Since the COVID-19 pandemic began in March 2020, we have been living through a time of continuous grief, trauma, and exhaustion. Everything has seemed to shift, from how we work, socialize, and go through our daily routine.
For many of us, it has been difficult to cope with all of the changes and heavy emotions associated with the pandemic, as well as uncertainty about the future.
According to a 2021 survey published by the American Psychological Association, the events of the past year and a half have taken a drastic toll. As a result of increased stress, 61% of adults stated that they experienced undesired weight changes since the start of the pandemic.
Sleep patterns also seem to be affected, as 2 out of 3 Americans reported that they are sleeping either less or more than they would like to be. The survey found that 23% of adults have increased their alcohol consumption as a way of coping with the stress they are facing.
These results are alarming, indicating that many Americans may be turning to unhealthy coping mechanisms such as overeating and binge drinking in order to deal with high levels of stress.
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The Many Consequences of Prolonged Stress
Chronic stress that goes unmanaged has the potential to wreak havoc on an individual’s physical and mental health.
According to psychologists, stress can spur physical symptoms such as gastrointestinal distress, headaches, muscle aches, dizziness, and skin rashes. It is also possible for stress to exacerbate existing chronic health problems. Mental health professionals state that each individual’s body tends to respond to stress in unique ways.
The data shows that many adults are overeating or using substances as a way to manage their daily stressors. Significant weight gain, which commonly occurs as a result of stress, can increase an individual’s risk of developing health conditions such as heart disease and type II diabetes.
Using drugs or alcohol to cope has the potential to lead to many consequences, such as substance dependence, issues at work or in relationships, and physical health problems.
Mental well-being is also heavily connected with stress. Ongoing stress can manifest in increased anxiety or irritability, difficulties concentrating, trouble sleeping, and feelings of overwhelm or burnout- all of which can significantly impact one’s ability to carry out daily activities.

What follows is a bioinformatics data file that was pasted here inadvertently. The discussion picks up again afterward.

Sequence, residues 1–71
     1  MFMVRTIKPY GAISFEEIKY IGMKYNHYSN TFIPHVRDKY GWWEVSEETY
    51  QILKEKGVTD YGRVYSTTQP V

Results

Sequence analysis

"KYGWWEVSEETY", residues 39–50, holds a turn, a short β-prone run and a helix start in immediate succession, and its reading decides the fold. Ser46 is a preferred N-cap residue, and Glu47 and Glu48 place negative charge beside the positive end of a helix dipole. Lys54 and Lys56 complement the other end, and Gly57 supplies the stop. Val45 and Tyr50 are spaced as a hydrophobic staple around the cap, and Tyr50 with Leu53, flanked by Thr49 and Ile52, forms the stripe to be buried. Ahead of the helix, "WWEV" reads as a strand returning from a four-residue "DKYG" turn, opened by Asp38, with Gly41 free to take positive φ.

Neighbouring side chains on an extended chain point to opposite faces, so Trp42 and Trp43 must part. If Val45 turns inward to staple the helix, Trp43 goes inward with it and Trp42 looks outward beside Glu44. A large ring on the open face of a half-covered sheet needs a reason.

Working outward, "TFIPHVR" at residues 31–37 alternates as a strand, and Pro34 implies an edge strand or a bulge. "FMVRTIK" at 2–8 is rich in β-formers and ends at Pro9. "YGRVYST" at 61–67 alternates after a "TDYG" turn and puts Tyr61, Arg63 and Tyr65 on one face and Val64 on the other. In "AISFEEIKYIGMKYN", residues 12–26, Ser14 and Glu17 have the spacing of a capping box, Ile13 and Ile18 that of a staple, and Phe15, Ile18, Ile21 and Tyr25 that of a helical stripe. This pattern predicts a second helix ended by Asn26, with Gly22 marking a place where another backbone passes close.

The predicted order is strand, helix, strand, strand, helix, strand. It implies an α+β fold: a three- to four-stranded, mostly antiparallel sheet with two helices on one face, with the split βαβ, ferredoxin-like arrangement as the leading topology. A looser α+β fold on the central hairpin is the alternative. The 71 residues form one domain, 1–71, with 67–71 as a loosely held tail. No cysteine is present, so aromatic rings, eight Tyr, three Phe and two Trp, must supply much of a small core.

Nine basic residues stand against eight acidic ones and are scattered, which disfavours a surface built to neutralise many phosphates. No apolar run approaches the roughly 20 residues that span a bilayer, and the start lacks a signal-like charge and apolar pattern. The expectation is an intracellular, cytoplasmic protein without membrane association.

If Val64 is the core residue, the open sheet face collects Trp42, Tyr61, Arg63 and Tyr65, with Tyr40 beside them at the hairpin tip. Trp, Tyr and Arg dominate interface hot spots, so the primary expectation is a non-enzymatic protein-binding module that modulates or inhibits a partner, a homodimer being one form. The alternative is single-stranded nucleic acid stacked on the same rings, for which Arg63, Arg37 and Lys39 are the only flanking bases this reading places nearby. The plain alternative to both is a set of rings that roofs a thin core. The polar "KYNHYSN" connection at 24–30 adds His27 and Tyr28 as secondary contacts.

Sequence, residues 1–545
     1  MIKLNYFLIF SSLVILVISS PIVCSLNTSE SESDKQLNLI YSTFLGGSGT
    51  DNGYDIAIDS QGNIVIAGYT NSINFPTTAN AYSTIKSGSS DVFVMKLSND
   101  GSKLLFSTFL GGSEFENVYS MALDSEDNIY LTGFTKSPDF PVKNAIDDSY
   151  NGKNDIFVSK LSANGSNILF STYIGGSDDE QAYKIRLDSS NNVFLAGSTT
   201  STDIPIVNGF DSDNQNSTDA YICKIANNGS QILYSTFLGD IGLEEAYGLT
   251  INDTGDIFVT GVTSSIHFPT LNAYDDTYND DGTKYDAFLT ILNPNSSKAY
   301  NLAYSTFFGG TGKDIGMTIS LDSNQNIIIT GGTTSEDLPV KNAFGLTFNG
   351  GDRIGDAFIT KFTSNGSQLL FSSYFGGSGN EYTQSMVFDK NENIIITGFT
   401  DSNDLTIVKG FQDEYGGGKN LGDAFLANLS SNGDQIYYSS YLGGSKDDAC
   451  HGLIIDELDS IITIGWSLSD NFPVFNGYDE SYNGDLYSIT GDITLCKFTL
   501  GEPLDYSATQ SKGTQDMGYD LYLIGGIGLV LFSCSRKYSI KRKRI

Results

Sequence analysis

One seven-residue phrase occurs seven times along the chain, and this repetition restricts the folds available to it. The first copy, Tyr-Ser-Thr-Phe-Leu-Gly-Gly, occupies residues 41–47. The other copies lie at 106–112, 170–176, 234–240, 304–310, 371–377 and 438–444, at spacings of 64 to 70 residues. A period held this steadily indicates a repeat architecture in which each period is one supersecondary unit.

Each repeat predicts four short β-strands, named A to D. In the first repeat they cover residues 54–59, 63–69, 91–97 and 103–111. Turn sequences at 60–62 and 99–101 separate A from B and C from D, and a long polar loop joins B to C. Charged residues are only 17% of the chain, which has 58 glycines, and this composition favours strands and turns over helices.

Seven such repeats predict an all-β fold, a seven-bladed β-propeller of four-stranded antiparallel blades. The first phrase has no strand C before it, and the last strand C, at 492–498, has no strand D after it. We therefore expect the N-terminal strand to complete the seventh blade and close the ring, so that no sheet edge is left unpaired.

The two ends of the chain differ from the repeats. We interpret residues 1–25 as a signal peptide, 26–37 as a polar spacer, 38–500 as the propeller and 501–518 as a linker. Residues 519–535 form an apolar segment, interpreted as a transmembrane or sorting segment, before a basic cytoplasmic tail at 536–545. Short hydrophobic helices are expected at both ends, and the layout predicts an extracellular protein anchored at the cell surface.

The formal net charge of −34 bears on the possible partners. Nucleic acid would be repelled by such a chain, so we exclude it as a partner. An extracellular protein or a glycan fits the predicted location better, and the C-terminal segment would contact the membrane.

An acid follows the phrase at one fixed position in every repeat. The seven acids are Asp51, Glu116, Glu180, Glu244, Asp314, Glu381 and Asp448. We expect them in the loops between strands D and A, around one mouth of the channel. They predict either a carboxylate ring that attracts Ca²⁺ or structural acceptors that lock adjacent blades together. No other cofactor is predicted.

Stress can also trigger the onset of a mental disorder (particularly for those who already have a genetic predisposition to these conditions). For individuals already living with depression and anxiety, stress can exacerbate the intensity of symptoms, increasing challenges with daily functioning.
For more information about mental disorders such as anxiety, depression, and substance use disorders, visit BetterHelp.
5 Strategies for Healthy Stress Management
Psychologists emphasize the importance of not trying to ignore or minimize the presence of stress in your life. Instead, they advise being intentional about managing stress for enhanced mental and physical health. Here are five strategies for coping with stress that you might try during this overwhelming time.
1.Take a break
Don’t be afraid to take a break when you need to, whether it’s taking time off from work for self-care or unplugging from social media or news sources. Stay in tune with your body and mind, and learn to recognize when you need to step away for a bit in order to take care of yourself.
2. Prioritize taking care of your body
The benefits of a nutritious diet, regular physical activity, and adequate sleep truly cannot be overstated. Taking care of your physical health can keep your stress levels in check. It is also important to limit or avoid use of alcohol or other substances which may seem to help you relax in the moment, but can actually increase stress and anxiety in the long run.
3. Engage in calming activities that you enjoy
Whether it’s spending time with a pet, watching funny movies/TV shows, drawing, listening to music, writing, reading, or meditation, carve out time each day to do something that helps you to feel calm and centered.
4. Spend time connecting with others
Leaning into our support system is so important in times of ongoing stress. Being able to share about the challenges and stressors we are facing is so beneficial for reducing the intensity of our distress and helping us to process.
5. Seek out professional support if needed
Maybe you find yourself coping with stress in unhealthy ways or having significant mental or physical symptoms due to prolonged stress. If chronic stress is causing difficulties in your daily life, consider seeking out the support of a mental health professional.
They can work with you in order to identify your stressors and develop a plan for managing your stress in healthy ways. Remember that you are not alone; there is help and support available.
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About the Author
Marie Miguel has been a writing and research expert for nearly a decade, covering a variety of health- related topics. Currently, she is contributing to the expansion and growth of a free online mental health resource with BetterHelp.com. With an interest and dedication to addressing stigmas associated with mental health, she continues to specifically target subjects related to anxiety and depression.